Keeping the wolf from the
door - protecting the family home from the Trustee in
the best way to protect the family home from claims by
creditors and the Trustee in Bankruptcy?
Many professional people, company directors and business
owners put the title to the family home in their spouses'
name, to put it out of reach of creditor claims.
But does this provide effective protection against a
bankruptcy claim by the Trustee in Bankruptcy?
According to a Federal Court of Australia decision last
week, the family home may not be protected even if the title
is not in the name of the bankrupt.
Applying what is known as a common intention
constructive trust, the Federal Court said that the
Trustee in Bankruptcy can claim an interest in the family
- A common intention existed between spouses /
partners to buy the home as their matrimonial home /
place of residence; and
- The bankrupt made a contribution to the costs of
acquisition or improvements or maintenance.
The interest the Trustee can claim is proportionate to
Is it possible to defeat that claim? The answer is yes:
if the bankrupt has good legal advice, they may be able to
find a way around the common intention and contributions
traps when buying the family home, and protect it from the
Trustee in Bankruptcy.
For my case note on that decision, in which the home
owner was successful in protecting the family home from the
Trustee in Bankruptcy, click
Is it possible to save the family home
from the Trustee in Bankruptcy?
Even if you’re renting to
your own brother, ALWAYS SIGN A LEASE
Recently, it cost Steve Zitsis almost $100,000 in legal
fees to learn that even when renting to his own brother
George, without a signed lease it is an expensive process to
evict a tenant.
It started on friendly terms - there was a verbal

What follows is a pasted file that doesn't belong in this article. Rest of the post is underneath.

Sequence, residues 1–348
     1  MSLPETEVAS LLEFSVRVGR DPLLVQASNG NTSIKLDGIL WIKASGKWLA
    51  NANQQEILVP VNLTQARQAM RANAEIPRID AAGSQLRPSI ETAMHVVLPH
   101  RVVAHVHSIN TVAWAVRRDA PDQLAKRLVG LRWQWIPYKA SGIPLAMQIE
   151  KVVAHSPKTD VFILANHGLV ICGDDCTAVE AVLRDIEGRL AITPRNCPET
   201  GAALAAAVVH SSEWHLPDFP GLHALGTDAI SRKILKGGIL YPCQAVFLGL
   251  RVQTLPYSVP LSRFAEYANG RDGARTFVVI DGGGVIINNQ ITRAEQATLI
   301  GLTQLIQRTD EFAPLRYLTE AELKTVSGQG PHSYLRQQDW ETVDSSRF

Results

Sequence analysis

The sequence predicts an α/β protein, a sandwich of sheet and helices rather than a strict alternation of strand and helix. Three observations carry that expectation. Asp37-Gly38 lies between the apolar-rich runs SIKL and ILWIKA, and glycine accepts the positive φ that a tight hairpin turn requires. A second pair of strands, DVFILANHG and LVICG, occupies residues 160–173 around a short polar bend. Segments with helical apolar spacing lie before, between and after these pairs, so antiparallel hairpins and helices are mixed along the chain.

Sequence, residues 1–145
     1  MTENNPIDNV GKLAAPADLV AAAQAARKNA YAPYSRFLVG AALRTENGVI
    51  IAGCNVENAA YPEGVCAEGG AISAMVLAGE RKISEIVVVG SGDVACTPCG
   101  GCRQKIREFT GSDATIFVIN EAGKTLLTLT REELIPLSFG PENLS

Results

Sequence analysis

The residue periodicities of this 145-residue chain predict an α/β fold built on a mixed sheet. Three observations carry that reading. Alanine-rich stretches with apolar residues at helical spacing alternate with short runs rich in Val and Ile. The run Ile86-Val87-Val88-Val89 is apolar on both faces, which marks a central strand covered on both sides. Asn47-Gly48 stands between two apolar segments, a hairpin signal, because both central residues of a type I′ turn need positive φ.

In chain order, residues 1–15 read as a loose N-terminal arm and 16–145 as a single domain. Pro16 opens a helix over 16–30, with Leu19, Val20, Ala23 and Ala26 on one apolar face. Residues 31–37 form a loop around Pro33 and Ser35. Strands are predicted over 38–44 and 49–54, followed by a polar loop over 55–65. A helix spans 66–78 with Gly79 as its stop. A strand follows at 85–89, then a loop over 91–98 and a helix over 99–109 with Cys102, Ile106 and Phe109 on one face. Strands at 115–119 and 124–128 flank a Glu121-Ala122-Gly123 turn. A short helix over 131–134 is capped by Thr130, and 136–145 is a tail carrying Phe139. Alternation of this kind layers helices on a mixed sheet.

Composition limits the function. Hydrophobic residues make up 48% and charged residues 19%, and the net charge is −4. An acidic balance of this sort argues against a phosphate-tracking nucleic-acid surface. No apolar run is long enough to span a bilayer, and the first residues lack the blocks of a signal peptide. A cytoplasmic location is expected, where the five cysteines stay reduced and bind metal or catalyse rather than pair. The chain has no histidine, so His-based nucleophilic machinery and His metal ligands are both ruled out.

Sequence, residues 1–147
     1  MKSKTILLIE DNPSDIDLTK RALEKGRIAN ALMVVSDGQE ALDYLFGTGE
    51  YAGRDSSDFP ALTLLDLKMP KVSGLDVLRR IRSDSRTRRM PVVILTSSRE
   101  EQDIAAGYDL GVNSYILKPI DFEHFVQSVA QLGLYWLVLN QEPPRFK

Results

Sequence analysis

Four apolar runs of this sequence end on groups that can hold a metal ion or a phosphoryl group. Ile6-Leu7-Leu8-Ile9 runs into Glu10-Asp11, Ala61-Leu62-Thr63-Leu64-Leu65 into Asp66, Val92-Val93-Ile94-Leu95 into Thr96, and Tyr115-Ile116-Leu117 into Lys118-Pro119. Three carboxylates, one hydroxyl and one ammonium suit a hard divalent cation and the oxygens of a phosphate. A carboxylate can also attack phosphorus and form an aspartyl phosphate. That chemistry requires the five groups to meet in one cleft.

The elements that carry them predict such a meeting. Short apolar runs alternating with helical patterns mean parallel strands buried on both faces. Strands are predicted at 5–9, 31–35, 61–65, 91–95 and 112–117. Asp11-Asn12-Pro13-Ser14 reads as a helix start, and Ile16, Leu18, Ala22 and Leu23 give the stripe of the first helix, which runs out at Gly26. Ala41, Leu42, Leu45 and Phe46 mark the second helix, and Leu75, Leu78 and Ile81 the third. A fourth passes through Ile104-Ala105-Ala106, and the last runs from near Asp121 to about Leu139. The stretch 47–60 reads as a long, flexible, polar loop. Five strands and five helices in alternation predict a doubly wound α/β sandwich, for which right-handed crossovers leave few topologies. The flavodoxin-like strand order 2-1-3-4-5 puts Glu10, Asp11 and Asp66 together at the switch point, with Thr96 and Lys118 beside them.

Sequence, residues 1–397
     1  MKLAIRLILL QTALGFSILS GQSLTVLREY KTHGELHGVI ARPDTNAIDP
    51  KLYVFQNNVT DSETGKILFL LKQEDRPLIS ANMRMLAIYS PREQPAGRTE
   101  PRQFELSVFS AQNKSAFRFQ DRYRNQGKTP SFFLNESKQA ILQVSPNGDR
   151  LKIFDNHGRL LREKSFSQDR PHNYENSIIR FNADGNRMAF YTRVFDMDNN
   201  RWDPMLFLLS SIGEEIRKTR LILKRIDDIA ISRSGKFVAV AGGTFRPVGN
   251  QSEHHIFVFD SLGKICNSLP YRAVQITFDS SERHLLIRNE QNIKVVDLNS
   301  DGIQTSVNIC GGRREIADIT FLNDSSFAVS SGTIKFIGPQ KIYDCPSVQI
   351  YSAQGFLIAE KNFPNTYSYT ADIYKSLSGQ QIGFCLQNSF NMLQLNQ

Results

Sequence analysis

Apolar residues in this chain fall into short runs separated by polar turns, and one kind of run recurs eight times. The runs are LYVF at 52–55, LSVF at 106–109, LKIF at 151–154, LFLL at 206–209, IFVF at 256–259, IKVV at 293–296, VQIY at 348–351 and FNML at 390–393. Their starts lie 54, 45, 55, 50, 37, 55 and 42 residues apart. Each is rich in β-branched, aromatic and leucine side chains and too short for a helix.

agreement that George would rent the house for $250 per week
plus paying council rates, water rates and utilities. Steve
would pay the home insurance and be allowed to stay in one
bedroom every six months when he came to Sydney for medical
Eight years later, it turned into a family dispute when
Steve asked George to move out so Steve could sell the
house. George refused to move.
George argued that he was entitled to stay in the house
because Steve had promised him he could live there forever,
and had even promised to leave the house to him in his will.
George also said he had treated the house as his own, he had
spent $50,000 renovating the kitchen, ripping up the carpet
and polishing the floorboards, installing an air-conditioner
If there was a signed lease, George would not have
been able to argue he could live there forever because the
lease would have a fixed term. Nor could he claim the
renovations gave him the right to stay, because no
renovations are allowed without the landlord's permission.
Steve could not use NCAT (the Tenancy Tribunal) for the
eviction because he was now residing at the Surfers Paradise
and interstate residents cannot use NCAT. So the eviction
proceeding was in the Supreme Court of NSW, hence the high
There, Justice Megan Latham (ex ICAC Commissioner) threw
out George's arguments and ordered George be evicted.
The photo is of the house, and if you look closely, you
will see George's black Mercedes parked in the garage.
The lesson is: Even if it's your own brother, anytime
you're allowing anyone to live in your house, ALWAYS HAVE
THEM SIGN A LEASE
For my legal case note
click Family Disputes #1 Without a
lease, brotherly love goes out the door
Purplebricks real estate
promises greater fee transparency for sellers
Real estate agents charge sellers a commission, which in
Sydney is currently 1.65% of the price - $16,500 on a $1m
property; plus marketing expenses of about $5,000 which
cover a signboard, photography, listings on domain.com.au,
realestate.com.au and its own website, brochures and auction
Online marketers are disrupting this traditional business
model. They are doing away with shopfronts, and operate
virtual agency models. By doing so, they are able to lower
their cost base and charge less for selling a property.
The most prominent online marketer is Purplebricks real
estate, which charges a fixed fee, instead of a commission,
for selling a property. It advertises prominently a fixed
fee of $5.999 in NSW & VIC, and $4,999 in QLD, WA & SA. The
fixed fee includes the services of a 'Local Property
Expert', photography and write up for listings on the
domain.com.au, realestate.com.au and its own website, a